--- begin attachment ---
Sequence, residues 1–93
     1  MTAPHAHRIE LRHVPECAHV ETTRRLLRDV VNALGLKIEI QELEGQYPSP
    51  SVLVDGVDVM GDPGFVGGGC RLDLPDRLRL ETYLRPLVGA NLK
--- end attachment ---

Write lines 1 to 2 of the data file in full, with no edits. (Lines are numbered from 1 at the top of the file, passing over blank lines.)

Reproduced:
Sequence, residues 1–93
     1  MTAPHAHRIE LRHVPECAHV ETTRRLLRDV VNALGLKIEI QELEGQYPSP